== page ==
# How do we compute Hodge duals?

The motivation for this question is to try to come up with a general expression for $$(\star F)_{\mu\nu}$$, the $$\mu,\nu$$ component of the Hodge dual of the Field strength tensor, which is of great importance in Electrodynamics. In the course I am taking, the instructor has defined it contravariantly, as $$(\star F)^{\mu\nu}=\frac{1}{2}\varepsilon^{\mu\nu\alpha\beta}F_{\alpha\beta}$$ Where $$F_{\alpha\beta}$$ are the components of the normal field strength tensor, $$F_{\alpha\beta}=\nabla_\alpha A_\beta-\nabla_\beta A_\alpha$$ And we have defined the raised Levi-Civita symbol using the generalized Kronecker delta: $$\varepsilon^{ijkl}=\delta^{i~j~k~l}_{1~2~3~4}$$ However, there are some problems with this equation. As far as I know, it only holds when the metric is simple as possible, i.e $$\boldsymbol{\eta}=\operatorname{diag}(-1,1,1,1)$$ the standard Minkowski metric. I don't think it holds in other coordinate systems e.g polar coordinates. Also, I thought the Hodge star was a map that took $$k$$ forms to $$d-k$$ forms, where $$d$$ is the dimension of the space. But my instructor's equation seems to have the Hodge dual being a fully contravariant tensor... are the components he is listing actually the components of $$(\star\mathbf{F})^{\sharp}$$, its index-raised counterpart?

With this motivation, I searched the internet for answers and stumbled across this post on physics SE. Given a $$d$$ dimensional manifold, the author of the post defines the Hodge dual of a totally skew-symmetric $$k$$ form $$\omega$$ as having components

$$(\star \omega)_{\mu_1\dots\mu_{d-k}}=\frac{1}{k!}\epsilon^{\nu_1\dots\nu_k}{}_{\mu_1\dots\mu_{d-k}}\omega_{\nu_1\dots\nu_k}$$

However, the author does not make it very clear what the object $$\epsilon^{\nu_1\dots\nu_k}{}_{\mu_1\dots\mu_{d-k}}$$ is. He does write $$\epsilon_{\mu_1\dots\mu_d}=\sqrt{-g}~\varepsilon_{\mu_1\dots\mu_d}$$ But not only does this look very different to$$\epsilon^{\nu_1\dots\nu_k}{}_{\mu_1\dots\mu_{d-k}}$$ in terms of the number and structure of the indices, it also raises other concerns, like what if $$g=\det \mathbf{g}$$ is a positive number? Will we start getting imaginary components of the Hodge dual, even when we are working on a real manifold?

My request: Could someone please provide some other formula for the Hodge dual of a totally skew symmetric $$k$$ form on a $$d$$ dimensional manifold, in terms of well known objects, such as the metric, Christoffel symbols, Kronecker delta, Levi-Civita symbol, etc? I searched the Wikipedia page for answers but I found it very dense and difficult to understand.

• Does this help? It gives you an alternate perspective. mathoverflow.net/questions/162366/… Commented Dec 6, 2021 at 21:18
• Looks like the components are those of $(\star F)^\sharp$. For the generalized Kroneckar, did you mean something like $\delta_{1234}^{ijkl}$? The expression involving $g$ is $\sqrt{|\det(g)|}$, no imaginary units are present. The Levi-Civita symbol has the same components in any co-ordinate system. To construct the Levi-Civita tensor, note $\epsilon^{\text{tensor}}_{ij\dots}=\sqrt{|g|}\varepsilon^{\text{symbol}}_{ij\dots}$. The expression in your post for Hodge dual is correct, and includes a mixture of up/ down indices on the Levi-Civita tensor, which may be raised using the metric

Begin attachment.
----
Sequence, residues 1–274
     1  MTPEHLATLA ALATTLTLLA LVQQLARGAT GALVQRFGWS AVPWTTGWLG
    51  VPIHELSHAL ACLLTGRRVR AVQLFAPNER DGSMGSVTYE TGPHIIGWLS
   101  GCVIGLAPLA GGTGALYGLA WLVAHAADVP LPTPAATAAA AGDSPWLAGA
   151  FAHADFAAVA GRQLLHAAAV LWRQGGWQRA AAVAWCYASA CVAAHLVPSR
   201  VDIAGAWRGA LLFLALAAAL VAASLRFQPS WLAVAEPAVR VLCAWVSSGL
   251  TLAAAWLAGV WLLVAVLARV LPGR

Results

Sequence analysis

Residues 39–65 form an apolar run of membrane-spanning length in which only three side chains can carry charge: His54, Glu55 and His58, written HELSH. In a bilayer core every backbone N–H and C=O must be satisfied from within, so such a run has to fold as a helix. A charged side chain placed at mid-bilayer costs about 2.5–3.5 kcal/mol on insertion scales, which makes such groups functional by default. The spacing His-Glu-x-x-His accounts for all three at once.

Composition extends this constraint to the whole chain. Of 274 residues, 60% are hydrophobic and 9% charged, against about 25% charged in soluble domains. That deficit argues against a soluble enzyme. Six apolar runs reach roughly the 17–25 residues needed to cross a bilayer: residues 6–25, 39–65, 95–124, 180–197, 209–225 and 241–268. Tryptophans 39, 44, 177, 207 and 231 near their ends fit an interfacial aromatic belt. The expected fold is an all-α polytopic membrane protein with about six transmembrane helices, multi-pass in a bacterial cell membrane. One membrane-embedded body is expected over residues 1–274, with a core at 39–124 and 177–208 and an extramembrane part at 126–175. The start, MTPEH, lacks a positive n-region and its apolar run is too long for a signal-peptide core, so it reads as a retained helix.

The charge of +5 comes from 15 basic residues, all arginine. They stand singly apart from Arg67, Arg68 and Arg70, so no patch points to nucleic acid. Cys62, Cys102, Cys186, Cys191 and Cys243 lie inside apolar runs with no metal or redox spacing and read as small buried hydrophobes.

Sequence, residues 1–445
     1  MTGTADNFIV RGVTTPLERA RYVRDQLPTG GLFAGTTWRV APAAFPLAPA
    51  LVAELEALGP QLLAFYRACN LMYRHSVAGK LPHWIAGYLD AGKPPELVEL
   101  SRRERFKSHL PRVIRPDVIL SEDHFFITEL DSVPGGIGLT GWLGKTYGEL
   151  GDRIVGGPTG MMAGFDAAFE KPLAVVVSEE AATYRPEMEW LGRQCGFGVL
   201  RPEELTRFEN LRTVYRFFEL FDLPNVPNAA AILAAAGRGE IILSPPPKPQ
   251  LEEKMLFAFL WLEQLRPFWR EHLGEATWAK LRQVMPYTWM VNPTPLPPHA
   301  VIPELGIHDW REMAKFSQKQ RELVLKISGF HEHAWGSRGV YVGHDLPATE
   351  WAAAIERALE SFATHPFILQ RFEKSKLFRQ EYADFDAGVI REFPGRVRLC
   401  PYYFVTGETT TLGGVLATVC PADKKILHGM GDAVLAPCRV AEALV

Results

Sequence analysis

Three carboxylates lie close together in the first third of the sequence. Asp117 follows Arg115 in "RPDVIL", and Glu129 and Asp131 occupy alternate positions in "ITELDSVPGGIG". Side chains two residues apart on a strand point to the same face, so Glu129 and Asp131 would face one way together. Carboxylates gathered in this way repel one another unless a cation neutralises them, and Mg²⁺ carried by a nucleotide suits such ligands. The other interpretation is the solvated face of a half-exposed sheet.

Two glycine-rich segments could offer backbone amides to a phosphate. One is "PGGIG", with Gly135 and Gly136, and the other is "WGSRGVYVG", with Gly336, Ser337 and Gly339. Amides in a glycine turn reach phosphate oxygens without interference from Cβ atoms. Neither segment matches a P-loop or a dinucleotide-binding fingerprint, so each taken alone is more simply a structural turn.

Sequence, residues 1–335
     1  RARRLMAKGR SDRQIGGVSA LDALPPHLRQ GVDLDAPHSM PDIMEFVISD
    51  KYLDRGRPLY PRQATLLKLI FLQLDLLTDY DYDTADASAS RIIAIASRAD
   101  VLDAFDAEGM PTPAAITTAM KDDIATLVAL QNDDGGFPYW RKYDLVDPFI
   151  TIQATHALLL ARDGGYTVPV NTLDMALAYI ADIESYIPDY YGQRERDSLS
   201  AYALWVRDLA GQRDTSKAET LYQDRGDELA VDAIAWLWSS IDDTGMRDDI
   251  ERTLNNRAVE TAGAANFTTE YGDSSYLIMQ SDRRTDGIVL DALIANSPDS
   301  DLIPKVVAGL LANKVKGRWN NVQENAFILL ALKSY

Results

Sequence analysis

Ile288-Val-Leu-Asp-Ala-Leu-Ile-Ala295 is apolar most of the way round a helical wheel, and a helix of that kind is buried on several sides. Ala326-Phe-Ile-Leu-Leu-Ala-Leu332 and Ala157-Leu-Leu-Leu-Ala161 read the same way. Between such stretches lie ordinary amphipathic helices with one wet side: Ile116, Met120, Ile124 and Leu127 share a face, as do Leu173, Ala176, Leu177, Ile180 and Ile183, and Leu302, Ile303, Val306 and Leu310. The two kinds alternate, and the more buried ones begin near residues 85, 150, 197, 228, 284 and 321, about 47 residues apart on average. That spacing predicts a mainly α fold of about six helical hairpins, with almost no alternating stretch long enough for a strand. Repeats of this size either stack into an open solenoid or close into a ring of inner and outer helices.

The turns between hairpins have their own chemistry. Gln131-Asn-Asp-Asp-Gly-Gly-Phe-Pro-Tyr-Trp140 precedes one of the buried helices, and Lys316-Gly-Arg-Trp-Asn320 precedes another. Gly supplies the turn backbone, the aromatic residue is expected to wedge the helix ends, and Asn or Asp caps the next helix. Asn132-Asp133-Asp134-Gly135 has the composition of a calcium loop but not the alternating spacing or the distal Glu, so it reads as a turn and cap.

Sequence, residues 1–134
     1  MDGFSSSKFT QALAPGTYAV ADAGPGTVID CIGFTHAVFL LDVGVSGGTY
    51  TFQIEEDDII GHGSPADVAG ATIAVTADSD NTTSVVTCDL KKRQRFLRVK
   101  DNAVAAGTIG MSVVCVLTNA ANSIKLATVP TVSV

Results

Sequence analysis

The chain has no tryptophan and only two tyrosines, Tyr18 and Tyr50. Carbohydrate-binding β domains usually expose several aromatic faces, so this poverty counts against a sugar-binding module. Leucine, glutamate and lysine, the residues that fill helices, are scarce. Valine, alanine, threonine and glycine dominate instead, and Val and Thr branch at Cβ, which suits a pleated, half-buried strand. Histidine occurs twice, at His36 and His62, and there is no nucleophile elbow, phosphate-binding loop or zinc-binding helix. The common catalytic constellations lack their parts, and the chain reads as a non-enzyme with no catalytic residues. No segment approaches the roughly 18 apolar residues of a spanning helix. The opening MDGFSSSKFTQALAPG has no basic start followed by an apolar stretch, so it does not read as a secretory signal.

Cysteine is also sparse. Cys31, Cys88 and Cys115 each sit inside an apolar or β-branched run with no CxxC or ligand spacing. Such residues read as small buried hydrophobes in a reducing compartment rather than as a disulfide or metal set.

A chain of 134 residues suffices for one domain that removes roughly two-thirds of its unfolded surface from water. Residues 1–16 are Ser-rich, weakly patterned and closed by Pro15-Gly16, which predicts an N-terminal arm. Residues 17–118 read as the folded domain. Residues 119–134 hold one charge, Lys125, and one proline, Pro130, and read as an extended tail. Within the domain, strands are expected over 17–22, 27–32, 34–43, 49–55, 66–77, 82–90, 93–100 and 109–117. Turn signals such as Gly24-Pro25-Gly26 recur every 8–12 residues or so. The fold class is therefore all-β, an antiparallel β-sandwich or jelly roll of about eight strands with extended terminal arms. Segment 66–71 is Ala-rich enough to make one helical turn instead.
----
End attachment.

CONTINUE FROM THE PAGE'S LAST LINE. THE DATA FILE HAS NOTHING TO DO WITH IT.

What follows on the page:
– Sal
Commented Dec 6, 2021 at 22:00
• @Sal yes, I did mean 1234... i will correct it. If it is supposed to be $\sqrt{|g|}$, why do I see so many people write $\sqrt{-g}$? Commented Dec 6, 2021 at 22:10
• @Sal So are you suggesting that $$\epsilon^{\nu_1\dots\nu_k}{}_{\mu_1\dots\mu_{d-k}}=\sqrt{|g|}\varepsilon^{\nu_1\dots\nu_k}{}_{\mu_1\dots\mu_{d-k}} \\=\sqrt{|g|}g^{\alpha_1 \nu_1}\dots g^{\alpha_k\nu_k}\varepsilon_{\alpha_1\dots\alpha_k~\mu_1\dots\mu_{d-k}}$$ ? Commented Dec 6, 2021 at 22:14
• Yes, that is precisely what I'm suggesting. I guess it's often written as $\sqrt{-g}$ because in 3+1 dimensions the determinant is necessarily negative... and it makes equations look impressively complex?
– Sal
Commented Dec 6, 2021 at 22:41

Since the Hodge dual maps $$k$$ forms to $$n-k$$ forms, and covariant skew-symmetric tensors are forms, the contravariant expression for $$(\star F)$$ must be interpreted as $$(\star F)^\sharp$$.

The expression for Hodge dual in OP is correct. What appears on the RHS is the Levi-Civita tensor, with a mixture of up/ down indices. The Levi-Civita symbol, which has the same components in all co-ordinates, is related to it by

$$\epsilon^{\text{tensor}}_{ij\dots}=\sqrt{|g|}\varepsilon^{\text{symbol}}_{ij\dots}$$

Since this is a tensor, indices may be raised and lowered with the metric as necessary

$$\epsilon^{\nu_1\dots\nu_k}{}_{\mu_1\dots\mu_{d-k}}=\sqrt{|g|}g^{\alpha_1 \nu_1}\dots g^{\alpha_k\nu_k}\varepsilon_{\alpha_1\dots\alpha_k~\mu_1\dots\mu_{d-k}}$$

The expression $$\sqrt{-g}$$ is more generally $$\sqrt{|\det(g)|}$$. In Lorentz spacetime the determinant is necessarily negative so there is no harm (and no imaginary units) in writing $$\sqrt{-g}$$.

References: Spacetime and geometry by S. Carrol.